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Look Out for Big Brother - They're Watching You

I love to travel and I love visualizations of the places I go. I love the visualizations so much that I go out of my way to manually add all of my trips to a map using (the acquired by Nokia and now abandoned) service Dopplr. I’m actually writing this article from the Detroit airport and am on my way to Oklahoma City for the Red Dirt Ruby Conference.

Travel map

I’m not happy with Apple right now, here’s why:

I came across this article via Hacker News which basically says that iOS devices are tracking location data without consent. The story links to iPhoneTracker, an open source project by Pete Warden that visualizes the data collected by iOS devices.

I wasn’t convinced that Apple would actually collect and store such personal information without my consent, so I downloaded the application and investigated for myself, here’s what I came up with.

Map of collected location data

Based on this map, you can clearly see that I’ve been a busy traveler. Aside from the obvious: I live in New York, I work in San Francisco, and I’ve taken a few trips around the country you might wonder about that long line going from NYC to Austin? That’s from my trip on the Startup Bus.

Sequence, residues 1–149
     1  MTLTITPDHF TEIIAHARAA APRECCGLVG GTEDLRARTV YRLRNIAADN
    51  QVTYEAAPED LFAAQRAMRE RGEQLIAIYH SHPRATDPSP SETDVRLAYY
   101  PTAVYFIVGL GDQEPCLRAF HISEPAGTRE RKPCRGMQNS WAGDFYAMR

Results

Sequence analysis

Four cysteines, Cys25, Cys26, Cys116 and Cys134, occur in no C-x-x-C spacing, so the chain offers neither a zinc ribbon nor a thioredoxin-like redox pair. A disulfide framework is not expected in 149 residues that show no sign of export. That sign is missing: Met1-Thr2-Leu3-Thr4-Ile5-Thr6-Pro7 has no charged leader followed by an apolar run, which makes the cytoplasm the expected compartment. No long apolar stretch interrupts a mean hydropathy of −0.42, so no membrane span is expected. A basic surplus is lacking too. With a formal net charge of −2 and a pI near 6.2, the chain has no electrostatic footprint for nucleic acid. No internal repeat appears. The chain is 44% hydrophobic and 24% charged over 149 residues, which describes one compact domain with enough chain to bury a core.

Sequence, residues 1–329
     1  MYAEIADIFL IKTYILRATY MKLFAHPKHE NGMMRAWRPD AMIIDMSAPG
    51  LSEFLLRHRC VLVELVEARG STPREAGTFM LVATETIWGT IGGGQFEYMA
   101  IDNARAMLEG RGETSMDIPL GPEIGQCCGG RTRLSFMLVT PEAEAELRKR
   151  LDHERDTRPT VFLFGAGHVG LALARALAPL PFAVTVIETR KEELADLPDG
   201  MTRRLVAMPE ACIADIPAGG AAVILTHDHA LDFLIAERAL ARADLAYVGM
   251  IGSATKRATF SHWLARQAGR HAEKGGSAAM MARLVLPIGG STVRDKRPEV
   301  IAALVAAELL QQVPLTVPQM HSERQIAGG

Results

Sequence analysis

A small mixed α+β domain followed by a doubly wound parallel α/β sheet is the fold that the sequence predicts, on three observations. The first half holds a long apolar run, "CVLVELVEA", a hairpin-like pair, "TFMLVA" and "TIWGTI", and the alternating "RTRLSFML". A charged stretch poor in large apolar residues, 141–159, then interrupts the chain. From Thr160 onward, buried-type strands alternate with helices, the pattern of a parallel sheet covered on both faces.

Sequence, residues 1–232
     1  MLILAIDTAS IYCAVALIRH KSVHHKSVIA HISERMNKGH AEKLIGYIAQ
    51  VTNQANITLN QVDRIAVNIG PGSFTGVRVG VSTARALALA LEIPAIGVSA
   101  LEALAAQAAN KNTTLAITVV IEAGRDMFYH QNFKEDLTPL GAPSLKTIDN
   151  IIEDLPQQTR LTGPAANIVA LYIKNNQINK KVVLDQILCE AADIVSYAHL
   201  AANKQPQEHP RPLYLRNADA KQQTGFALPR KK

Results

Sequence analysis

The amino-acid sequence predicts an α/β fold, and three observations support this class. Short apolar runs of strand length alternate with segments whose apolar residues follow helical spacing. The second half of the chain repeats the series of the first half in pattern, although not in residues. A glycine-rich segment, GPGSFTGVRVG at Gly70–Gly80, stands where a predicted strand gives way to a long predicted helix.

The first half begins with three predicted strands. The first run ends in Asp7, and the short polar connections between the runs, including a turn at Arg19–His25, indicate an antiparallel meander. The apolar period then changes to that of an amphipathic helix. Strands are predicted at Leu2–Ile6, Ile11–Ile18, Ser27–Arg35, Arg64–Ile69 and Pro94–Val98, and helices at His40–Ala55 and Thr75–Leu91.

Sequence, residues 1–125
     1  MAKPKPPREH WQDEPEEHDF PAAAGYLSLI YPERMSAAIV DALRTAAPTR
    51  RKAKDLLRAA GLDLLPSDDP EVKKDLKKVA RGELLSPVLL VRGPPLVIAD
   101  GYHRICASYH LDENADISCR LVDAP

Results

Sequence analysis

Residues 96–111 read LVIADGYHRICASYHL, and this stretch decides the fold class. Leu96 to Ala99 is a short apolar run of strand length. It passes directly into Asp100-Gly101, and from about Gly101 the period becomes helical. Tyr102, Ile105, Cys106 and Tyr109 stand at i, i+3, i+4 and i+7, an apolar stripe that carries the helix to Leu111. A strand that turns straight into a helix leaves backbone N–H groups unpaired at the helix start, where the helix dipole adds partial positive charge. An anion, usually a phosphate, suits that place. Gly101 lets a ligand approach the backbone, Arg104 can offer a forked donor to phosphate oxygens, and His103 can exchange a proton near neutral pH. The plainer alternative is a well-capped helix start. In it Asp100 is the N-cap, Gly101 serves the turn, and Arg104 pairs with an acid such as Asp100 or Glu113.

I’m glad that I know this data exists, and a bit miffed that it was stored for all this time without me knowing. The biggest privacy concern is that the data is very accurate and timestamped. Someone snooping around on my computer would be able to easily determine where I was at a given time accurate to within a city block.

From what I’ve read, the information isn’t shared with any third parties. Not even Apple. Nonetheless, this is a major violation of user trust. I’m seriously reconsidering using Apple products for the long term. The irony is that I’m the target market for this feature and am 100% sure I would enable it if I was prompted to opt-in.

Ars Technica has an article with more details that you should check out.

If you haven’t yet enabled encrypted backups for your iPhone or iPad, now’s definitely the time to start. Two security researchers have discovered a simple way to map out where you’ve been almost anywhere in the world—without any hacking involved. The information comes from a location cache file found within your iPhone’s backups on your Mac or PC, bringing out serious privacy concerns and opening the door for a jealous spouse, thief, or even a crafty trojan to take a detailed look at your whereabouts. And it’s information that no one should have access to—not even law enforcement, barring a court order.